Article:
The symptom does it sustain or subvert the system

Second, a question thus arises about what in the film functions as the symptom around which either a deconstructive or a therapeutic reading can organize itself. What is the element, in other words, that sustains the 'reality' of the film, its verisimilitude as a fiction? In classical Hollywood it is often said that gender sustains the film (i.e. women as objects to be traded between men, or as objects to be possessed by the look underpin the narrative functioning), but that this mechanism of gender imbalance is present without being problematized/ thematized. Feminist symptomatic readings have therefore focused on both demonstrating and deconstructing the mechanism in question, even arguing that women are the 'trouble' that is necessary for the classical text to function at all. As already briefly discussed above, and taken up once more in Chapter 9, earlier feminist theory tended to imply that so perfect was the ideological operation of the classical film that it made the gender asymmetry 'invisible' or hidden. However, there was one genre that attracted feminist film theorists, as well as Lacanians, because it seemed to be hysterical in relation to femininity, highlighting it as excessive. This genre was film noir, where it is th efemmefatale that marks the excess inherent in the (male) classical text, while underscoring that its disruptive power is irrecuperable.

Such an assumption, however, also redefines the traditional (Freudian) notion of woman as unknowable, and Lacan's formula of woman as the 'symptom' of man (see ┬┐izek 1992: 31-67). Gender trouble can now be seen as the element that (still) sustains the film as a classical text, but it also subverts its perfect ideological functioning, by keeping suspended the resolution between the two ways of reading the figure of the femme fatale. At once necessary and excessive, the femme fatale is the reason why, to the New Lacanians, film noir already announces the slow agony of classical patriarchy. Paradoxically and parodistically symbolized in the underworld boss, corrupt politician, or drug baron, the father figure is readable as the embodiment of excess and superego lawlessness, not least thanks to the pastiche versions and cross-generic revivals of film noir in the 1980s and 1990s. According to ┬┐izek, this figure represents the paternal authority not subject to castration, the obscenely 'enjoying' father. Outside the law and yet executing the law, he invariably counts among his possessions th efemmefatale, keeping the hero in thrall but also leading him to (self-)destruction. We have already come across a particularly over-explicit version of such 'superego enjoyment' in Chinatown's Noah Cross (see Chapter 4), who 'owns' Mrs Mulwray, the film's femmefatale, several times over. Yet one could equally well cite Pulp Fictions Marcellus Wallace, over-explicit as a traumatic figure of transgression and excess, in that he is black and can call one of his henchman 'my white nigger', while also owning Mia, his white wife. She, in turn, is 'playing at' being a femmefatale as well as being positioned as such by Vince (notably in the initial discussion with Jules as to whether a foot massage for the boss's wife is a transgression or a transaction).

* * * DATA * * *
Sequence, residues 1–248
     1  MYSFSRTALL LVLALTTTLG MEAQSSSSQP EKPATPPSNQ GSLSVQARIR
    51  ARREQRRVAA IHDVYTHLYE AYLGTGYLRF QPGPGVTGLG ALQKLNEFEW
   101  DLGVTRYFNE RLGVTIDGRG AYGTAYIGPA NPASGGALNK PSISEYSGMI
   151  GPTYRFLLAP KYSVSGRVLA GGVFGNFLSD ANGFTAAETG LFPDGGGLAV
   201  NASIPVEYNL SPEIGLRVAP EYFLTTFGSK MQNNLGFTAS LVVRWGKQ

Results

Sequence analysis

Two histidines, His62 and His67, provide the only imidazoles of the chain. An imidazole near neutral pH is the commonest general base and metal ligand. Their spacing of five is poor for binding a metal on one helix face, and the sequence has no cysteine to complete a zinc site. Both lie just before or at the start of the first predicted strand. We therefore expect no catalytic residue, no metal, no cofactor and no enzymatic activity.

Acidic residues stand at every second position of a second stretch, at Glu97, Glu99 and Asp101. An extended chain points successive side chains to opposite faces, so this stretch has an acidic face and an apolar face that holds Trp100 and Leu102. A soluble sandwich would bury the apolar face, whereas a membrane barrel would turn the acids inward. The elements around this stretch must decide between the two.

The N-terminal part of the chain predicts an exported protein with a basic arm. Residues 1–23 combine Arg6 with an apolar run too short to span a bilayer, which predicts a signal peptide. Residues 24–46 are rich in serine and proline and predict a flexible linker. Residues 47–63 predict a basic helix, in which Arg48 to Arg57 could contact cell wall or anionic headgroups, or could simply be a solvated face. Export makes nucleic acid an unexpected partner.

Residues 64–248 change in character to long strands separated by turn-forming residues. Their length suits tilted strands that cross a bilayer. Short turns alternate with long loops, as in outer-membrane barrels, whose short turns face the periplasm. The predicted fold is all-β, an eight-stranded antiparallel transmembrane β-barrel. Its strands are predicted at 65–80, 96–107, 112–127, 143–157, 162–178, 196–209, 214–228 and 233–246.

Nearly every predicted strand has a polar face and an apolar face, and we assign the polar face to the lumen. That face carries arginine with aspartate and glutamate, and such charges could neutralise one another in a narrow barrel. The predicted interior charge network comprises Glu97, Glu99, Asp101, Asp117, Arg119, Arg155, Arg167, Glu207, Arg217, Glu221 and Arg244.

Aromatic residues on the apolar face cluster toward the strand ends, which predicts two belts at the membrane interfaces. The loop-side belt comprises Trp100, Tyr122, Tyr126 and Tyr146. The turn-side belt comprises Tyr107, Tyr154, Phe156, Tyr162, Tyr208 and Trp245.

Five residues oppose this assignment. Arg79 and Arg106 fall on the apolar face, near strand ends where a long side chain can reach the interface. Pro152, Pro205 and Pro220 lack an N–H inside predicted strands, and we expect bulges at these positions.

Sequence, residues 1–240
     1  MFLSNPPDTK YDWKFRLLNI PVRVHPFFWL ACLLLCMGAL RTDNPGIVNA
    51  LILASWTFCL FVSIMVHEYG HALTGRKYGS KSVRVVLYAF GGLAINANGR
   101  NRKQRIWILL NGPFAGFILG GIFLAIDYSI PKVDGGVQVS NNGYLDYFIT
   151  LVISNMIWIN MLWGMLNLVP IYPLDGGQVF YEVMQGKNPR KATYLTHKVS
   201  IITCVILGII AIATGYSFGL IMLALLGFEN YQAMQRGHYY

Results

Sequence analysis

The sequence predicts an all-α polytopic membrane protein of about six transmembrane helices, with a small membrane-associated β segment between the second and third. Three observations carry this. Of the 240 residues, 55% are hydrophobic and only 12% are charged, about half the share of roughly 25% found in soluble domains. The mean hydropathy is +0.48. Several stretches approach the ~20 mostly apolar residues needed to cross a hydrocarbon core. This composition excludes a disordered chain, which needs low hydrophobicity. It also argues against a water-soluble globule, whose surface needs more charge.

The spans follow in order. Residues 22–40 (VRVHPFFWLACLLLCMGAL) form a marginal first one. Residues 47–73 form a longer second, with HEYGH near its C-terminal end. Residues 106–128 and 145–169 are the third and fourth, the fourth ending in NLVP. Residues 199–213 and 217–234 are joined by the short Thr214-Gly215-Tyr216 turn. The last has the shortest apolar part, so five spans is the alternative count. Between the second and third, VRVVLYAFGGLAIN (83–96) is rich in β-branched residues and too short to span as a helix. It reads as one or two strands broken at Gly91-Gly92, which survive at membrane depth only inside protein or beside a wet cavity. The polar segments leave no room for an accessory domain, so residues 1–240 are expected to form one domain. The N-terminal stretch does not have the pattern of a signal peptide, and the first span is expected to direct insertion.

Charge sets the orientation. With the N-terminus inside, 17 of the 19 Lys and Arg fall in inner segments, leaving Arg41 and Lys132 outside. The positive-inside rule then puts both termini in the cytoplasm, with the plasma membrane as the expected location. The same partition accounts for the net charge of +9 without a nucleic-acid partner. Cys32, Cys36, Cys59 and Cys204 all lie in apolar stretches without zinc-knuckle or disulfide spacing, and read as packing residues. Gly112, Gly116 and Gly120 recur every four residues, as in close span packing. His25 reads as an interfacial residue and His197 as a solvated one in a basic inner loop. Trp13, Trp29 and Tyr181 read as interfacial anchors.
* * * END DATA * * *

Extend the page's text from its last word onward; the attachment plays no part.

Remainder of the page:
Compared to these films, Back to the Future would seem to be classical, rather than post-classical, in that gender sustains the narrative but does not subvert it. The women are shown to be perfect specimen of male Oedipal identity formation: the flirtatious/prim division of Lorraine is played out, in order to be followed by the integrated, totally passive 'I love you/I wait for you' Jennifer, unproblematically passed from her Daddy to Marty. What is missing, in other words, is the subversive presence of a femmefatale and her power to sustain ambiguity. But given that the film is so explicit about the hero's Oedipal fixation and incest fantasies, the symptom, it is safe to assume, has shifted, as has the enjoying superego, now also located elsewhere.

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